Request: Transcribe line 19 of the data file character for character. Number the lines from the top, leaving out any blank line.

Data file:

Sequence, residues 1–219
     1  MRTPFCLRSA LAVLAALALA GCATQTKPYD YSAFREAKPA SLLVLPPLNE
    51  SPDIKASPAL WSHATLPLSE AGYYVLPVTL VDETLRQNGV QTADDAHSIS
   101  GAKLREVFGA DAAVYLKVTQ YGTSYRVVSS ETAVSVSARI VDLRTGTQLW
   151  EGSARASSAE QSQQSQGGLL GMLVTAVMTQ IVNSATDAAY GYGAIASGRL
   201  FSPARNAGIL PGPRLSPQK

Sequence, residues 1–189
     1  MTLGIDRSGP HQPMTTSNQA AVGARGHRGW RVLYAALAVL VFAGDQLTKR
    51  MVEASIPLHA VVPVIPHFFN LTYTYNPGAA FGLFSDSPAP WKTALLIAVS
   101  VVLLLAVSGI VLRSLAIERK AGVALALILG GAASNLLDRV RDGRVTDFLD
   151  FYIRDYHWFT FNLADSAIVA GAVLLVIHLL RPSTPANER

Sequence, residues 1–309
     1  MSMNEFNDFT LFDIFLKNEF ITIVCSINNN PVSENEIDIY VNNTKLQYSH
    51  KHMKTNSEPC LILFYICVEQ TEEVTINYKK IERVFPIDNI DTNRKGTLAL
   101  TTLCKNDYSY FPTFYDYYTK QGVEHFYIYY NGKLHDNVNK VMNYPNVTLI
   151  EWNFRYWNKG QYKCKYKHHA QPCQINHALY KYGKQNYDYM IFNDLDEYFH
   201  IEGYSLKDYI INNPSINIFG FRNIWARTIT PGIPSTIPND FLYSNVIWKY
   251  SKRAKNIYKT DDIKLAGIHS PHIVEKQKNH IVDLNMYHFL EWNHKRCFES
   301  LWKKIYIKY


   301  LWKKIYIKY